Two years after their marriage Glenn was waylaid and murdered by a former business associate, named Bill Smith–no relation to Nancy Elizabeth. Smith escaped into the wilderness and was never apprehended. The 16-year-old widow was left with a three-weeks old infant son, who grew into manhood and for years, that son, the late Joseph M. Glenn, was a leading lawyer in the city of Logan.

On October 11, 1883, a year after her husband’s death, at the age of 17, Nancy Elizabeth married the 19-year-old Cap Hatfield, second son of Devil Anse.

“He was the best looking young man in the settlement,” she proudly told me.

But at that time Cap had little to recommend him, except his good looks. He was born Feb. 6, 1864, during the Civil War, and grew up in a wild and lawless wilderness, where people were torn and divided by political and sectional hatreds and family feuds–a rugged, mountain land, without roads, schools, or churches.

When he married, Cap could neither read nor write, but he possessed the qualities necessary for survival in that turbulent time and place–he was “quick on the draw, and a dead shot.”

“When we were married, Cap was not a very good risk as a husband,” said Nancy Elizabeth. “The feud had been going on for a year, and he was already its most deadly killer. Kentucky had set a price on his head. But we were young, he was handsome, and I was deeply in love with him. Besides, he was the best shot on the border, and I was confident that he could take care of himself–and he did.”

Nancy Elizabeth taught her handsome husband to read and write, and imparted to him the meager learning she had acquired in the country school in Wayne County. But, more important, the she instilled into him her own hunger for knowledge.

Cap had a brilliant mind, and he set about to improve it. He and Nancy Elizabeth bought and read many books on history and biography, and they also subscribed for and read a number of the leading magazines of their day. In time they built up a small library or good books, which they read and studied along with their children.

At the urging of Nancy Elizabeth, Cap decided to study law, and enrolled at the University Law School at Huntington, Tennessee. But six months later, a renewal of the feud brought him back to the mountains. He never returned to law school, but continued his legal studies at home, and was admitted to the bar in Wyoming and Mingo counties. However, he never practiced the profession.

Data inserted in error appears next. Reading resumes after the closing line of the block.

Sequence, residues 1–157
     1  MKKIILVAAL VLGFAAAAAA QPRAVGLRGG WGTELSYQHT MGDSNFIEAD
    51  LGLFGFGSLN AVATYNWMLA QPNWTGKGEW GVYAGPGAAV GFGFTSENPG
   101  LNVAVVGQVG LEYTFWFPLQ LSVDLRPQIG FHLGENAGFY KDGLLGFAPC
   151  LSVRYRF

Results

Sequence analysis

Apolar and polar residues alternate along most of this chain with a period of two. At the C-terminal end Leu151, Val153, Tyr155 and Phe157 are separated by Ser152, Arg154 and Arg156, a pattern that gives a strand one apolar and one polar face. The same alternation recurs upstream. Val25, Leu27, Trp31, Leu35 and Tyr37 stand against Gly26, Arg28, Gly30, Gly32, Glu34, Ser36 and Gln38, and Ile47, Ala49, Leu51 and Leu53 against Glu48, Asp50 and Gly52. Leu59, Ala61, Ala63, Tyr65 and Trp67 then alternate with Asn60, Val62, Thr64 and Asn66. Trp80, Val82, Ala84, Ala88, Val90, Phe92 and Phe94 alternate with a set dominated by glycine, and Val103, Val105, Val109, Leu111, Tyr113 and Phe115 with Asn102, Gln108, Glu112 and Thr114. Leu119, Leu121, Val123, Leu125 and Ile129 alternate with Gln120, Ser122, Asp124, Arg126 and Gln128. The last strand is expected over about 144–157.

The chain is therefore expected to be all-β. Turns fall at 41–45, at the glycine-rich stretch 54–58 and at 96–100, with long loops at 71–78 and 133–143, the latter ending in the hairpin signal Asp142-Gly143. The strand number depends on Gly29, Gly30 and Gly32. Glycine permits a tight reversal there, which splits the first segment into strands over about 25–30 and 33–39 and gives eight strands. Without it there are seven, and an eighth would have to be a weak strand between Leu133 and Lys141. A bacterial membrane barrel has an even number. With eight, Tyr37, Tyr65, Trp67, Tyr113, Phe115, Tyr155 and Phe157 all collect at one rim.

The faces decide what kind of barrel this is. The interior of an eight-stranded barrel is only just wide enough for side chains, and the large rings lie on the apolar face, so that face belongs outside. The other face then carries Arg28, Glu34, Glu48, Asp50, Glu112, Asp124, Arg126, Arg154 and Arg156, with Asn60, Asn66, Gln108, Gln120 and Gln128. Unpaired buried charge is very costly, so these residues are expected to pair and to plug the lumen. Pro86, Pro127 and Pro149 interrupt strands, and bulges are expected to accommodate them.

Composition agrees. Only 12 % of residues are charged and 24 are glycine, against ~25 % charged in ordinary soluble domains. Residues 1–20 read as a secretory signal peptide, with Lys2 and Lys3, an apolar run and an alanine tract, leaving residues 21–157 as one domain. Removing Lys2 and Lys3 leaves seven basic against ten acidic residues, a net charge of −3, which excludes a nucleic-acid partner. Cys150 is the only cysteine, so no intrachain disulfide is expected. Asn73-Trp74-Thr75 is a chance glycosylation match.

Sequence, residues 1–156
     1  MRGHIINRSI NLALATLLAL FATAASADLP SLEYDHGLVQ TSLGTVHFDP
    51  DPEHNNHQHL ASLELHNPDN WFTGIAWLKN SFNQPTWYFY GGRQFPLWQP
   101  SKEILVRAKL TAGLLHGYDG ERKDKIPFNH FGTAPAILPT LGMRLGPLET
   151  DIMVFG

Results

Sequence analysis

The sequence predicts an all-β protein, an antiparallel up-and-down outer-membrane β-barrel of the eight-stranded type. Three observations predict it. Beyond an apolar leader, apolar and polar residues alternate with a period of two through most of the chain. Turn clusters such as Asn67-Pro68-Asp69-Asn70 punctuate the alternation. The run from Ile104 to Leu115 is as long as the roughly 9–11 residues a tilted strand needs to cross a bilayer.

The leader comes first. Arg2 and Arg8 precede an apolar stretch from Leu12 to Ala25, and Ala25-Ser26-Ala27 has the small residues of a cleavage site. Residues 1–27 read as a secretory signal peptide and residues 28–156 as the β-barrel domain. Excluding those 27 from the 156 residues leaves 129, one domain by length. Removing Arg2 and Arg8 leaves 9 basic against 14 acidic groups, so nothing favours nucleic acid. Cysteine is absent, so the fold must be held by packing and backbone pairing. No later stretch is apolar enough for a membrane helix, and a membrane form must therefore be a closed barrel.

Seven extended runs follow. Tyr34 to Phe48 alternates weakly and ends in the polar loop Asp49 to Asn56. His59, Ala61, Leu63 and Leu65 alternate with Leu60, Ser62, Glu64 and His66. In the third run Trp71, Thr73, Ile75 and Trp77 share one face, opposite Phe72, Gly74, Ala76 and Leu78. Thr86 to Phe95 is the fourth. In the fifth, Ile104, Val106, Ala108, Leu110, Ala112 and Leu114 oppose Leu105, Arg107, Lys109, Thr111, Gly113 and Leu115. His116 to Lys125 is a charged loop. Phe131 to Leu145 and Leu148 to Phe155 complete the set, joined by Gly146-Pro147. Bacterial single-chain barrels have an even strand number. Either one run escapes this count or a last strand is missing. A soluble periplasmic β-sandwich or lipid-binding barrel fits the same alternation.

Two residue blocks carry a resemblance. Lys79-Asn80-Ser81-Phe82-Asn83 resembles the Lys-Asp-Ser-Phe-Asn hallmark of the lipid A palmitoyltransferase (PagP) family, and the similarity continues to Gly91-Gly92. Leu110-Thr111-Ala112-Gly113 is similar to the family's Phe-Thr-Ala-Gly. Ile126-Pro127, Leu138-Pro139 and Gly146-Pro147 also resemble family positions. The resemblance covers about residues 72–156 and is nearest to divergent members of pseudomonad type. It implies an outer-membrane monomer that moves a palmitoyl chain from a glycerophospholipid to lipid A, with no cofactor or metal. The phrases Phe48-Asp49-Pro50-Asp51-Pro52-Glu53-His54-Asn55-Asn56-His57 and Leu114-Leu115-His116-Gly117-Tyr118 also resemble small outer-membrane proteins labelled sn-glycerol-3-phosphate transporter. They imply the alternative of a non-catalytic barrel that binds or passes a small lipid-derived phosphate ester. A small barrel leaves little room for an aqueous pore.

Nancy Elizabeth and Cap raised seven of their nine children, and Nancy’ss eyes grew moist as she talked of the sacrifices she and Cap had made that their children might obtain the education fate had denied to their parents. But her face glowed with a mother’s pride as she said:

“All our children are reasonably well educated. Three are college graduates, and the others attended college from one to three years. But, above everything else, they are all good and useful citizens.”

As I left the home of the remarkable and unforgettable Nancy Hatfield, I knew that I had been in the presence of a queenly woman–a real “Mountain Queen.”

Source: West Virginia Women (Richwood, WV: Jim Comstock, 1974), p. 153-154.

Aracoma Drug Company (1927)


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From the Logan Banner of Logan, West Virginia, comes this item of history relating to Aracoma Drug Company, dated May 20, 1927:

K. & H. Drug Store is Sold to New Co.

A new company composed of local business men has purchased of F. Kerwood the K. & H. drug store fronting the northeast corner of the Court House. An inventory of the stock was completed last night but the store will not be re-opened before June 1. Meanwhile, elaborate improvements will be made in the front and the interior.

The purchaser is the Aracoma Drug Company, newly incorporated, among the organizers being Victor N. Griffith, office deputy under Sheriff T.S. Hatfield, and his cousin, O.D. Griffith, present manager of the Valley Drug Store. The latter will be in charge of the business. He has been here about three years and is widely known in this section.

Mr. Kerwood, who has been engaged in this business for three years, has made no definite plans for the future, he said last night.

The founder of this store was W.O. Poole, now in the drug business in Williamson, and formerly of Omar. From him Ford McDonald acquired it. Then it passed to Charles Bennett by whom it was sold to Mr. Kerwood and J.G. Hunter, hence its name K. and H.

Matilda Wade (1929)


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In April of 1929, the Logan Banner profiled numerous prominent African-American residents of Logan County, West Virginia.

Matilda Wade

Teacher, Cora School

Miss Wade is a graduate of Douglas High School, Huntington, and West Virginia State College; she has done summer work at the same institution. This is Miss Wade’s first term as a teacher, but her adeptness and aggressive methods have the knack and precision of those of longer experience. Miss Wade has a pleasing manner in her school work which brings willing and immediate reaction from her pupils. Her ideals in education are high. With her disposition to apply herself, and the active and energetic methods she employs, she is bound to reach a high place in her profession. Miss Wade is a member of the West Virginia Teachers’ Association. She possesses another splendid quality in her ability to make friends among the patrons of her community.